The Overkill of 'Bill'
My teenage son and his friend can't stop talking about "Kill Bill," the recent film by Quentin Tarantino. Heads and limbs chopped off by swords, blood splattering all over the screen -- to me, it was overkill. But when we went to see the film, the crowd exploded with joy at such scenes. No doubt there will be a sequel, and scores of people will gladly line up to hand over their $9.50.
I'm no stranger to scenes of gruesome violence. I produce a news show called "Mosaic: News from the Middle East" for Link TV. Since 9/11, I do not recall a peaceful week around the globe. Images of death and destruction are vivid on Arab satellite television networks. Yet here in the United States, our own television networks make exceptional efforts to shelter viewers from such real-life scenes.
Images of a Palestinian infant removed from beneath the rubble of an apartment building flattened by an Israeli missile; pictures of an Israeli bus driver's bloodied torso dangling outside his bus, blown to smithereens by a suicide bomber; the limbless bodies of Chechen rebels and their hostages inside a Russian theatre; dead Iraqi bodies after an errant smart bomb hit their neighborhood -- such scenes are the norm on Arab satellite television networks, where 280 million people in 22 countries tune in on a daily basis.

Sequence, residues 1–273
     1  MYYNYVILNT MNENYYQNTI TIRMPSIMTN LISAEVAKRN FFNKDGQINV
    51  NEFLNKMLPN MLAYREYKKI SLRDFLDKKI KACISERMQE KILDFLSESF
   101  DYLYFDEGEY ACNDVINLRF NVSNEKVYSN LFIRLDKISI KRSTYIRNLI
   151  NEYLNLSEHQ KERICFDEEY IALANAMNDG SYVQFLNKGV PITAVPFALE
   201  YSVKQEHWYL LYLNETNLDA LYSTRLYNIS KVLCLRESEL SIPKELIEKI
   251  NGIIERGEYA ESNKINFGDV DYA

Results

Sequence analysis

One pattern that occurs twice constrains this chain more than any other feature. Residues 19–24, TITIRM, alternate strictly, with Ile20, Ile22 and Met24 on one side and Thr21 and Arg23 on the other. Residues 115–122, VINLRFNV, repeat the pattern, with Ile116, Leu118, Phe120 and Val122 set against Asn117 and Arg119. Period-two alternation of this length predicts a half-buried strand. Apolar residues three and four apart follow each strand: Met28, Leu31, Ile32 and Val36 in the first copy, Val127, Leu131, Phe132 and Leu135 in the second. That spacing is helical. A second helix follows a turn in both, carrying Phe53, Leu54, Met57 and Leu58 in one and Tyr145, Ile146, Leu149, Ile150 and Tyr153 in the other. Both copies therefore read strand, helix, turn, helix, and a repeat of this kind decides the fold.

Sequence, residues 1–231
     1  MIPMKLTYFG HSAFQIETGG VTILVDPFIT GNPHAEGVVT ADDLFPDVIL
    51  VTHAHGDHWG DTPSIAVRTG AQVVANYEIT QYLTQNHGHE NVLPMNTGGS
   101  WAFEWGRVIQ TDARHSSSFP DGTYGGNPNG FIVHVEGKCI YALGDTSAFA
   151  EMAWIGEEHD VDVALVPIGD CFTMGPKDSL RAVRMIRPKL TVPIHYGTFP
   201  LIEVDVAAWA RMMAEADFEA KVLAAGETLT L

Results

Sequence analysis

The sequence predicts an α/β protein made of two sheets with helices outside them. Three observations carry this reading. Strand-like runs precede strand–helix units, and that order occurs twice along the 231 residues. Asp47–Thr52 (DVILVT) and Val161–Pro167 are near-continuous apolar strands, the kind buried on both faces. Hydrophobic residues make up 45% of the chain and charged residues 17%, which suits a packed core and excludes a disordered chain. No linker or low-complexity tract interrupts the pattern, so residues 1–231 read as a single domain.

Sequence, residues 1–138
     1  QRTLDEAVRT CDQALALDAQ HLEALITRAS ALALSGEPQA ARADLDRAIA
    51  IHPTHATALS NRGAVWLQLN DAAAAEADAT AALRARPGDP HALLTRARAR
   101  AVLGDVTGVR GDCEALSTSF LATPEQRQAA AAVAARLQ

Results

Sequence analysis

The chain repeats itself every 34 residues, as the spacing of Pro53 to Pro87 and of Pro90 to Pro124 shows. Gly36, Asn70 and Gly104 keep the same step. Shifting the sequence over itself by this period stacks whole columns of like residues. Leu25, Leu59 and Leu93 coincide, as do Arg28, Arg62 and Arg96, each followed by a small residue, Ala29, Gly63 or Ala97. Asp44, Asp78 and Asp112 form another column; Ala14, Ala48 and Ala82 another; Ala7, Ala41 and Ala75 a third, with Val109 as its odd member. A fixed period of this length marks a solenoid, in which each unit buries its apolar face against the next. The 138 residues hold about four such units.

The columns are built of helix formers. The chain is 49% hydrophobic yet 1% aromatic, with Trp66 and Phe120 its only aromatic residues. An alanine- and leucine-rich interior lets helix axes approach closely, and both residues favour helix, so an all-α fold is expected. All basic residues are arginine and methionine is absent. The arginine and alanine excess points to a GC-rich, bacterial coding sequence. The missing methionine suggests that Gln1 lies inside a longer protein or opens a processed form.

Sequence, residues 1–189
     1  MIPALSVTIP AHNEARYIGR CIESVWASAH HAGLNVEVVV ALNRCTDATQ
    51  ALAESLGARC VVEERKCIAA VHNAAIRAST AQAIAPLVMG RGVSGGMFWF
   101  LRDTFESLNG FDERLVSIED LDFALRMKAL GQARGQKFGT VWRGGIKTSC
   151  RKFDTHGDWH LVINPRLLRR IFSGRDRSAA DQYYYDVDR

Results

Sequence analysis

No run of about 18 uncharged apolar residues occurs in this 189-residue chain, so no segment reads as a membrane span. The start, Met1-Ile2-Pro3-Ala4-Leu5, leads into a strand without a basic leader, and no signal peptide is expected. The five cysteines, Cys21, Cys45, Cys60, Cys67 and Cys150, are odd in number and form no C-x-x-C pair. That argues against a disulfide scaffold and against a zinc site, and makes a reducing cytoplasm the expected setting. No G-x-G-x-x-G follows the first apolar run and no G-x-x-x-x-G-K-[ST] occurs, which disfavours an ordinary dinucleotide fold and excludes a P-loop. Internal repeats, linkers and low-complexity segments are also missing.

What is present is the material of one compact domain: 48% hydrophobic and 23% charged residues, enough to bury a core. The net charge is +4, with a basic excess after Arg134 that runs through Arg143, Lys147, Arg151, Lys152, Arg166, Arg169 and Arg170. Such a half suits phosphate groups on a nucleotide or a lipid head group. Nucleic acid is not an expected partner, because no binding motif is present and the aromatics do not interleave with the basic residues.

Here in the United States, close to 3,000 people perished in the World Trade Center terrorist attacks, yet not a single body was shown on American TV. Millions of Americans watched the War on Iraq through the lenses of embedded journalists who gave almost no coverage to the human toll and the suffering that advancing armies left behind. A glorious victory and a sanitized war is what the U.S. media has been projected to its audiences.
For the first time ever, in the second Gulf War, CNN, FOX and all other major networks had to rely on Arab TV network coverage of besieged Iraqi cities, but still showed little of the death, destruction and horror. "Americans do not have a stomach for these scenes," I was told by a fellow journalist. Another TV producer for a major U.S. network told me that showing images of death and devastation in a news report would turn off advertisers.
Meanwhile, millions of dollars are spent in Hollywood on visual effects to capture the best scenes simulating blood, gore, death and destruction. And millions of Americans snake in lines around movie houses, eager to receive their 90 minutes of thrill for just under 10 bucks.
PNS contributor Jamal Dajani is director of Middle Eastern programming at Link TV.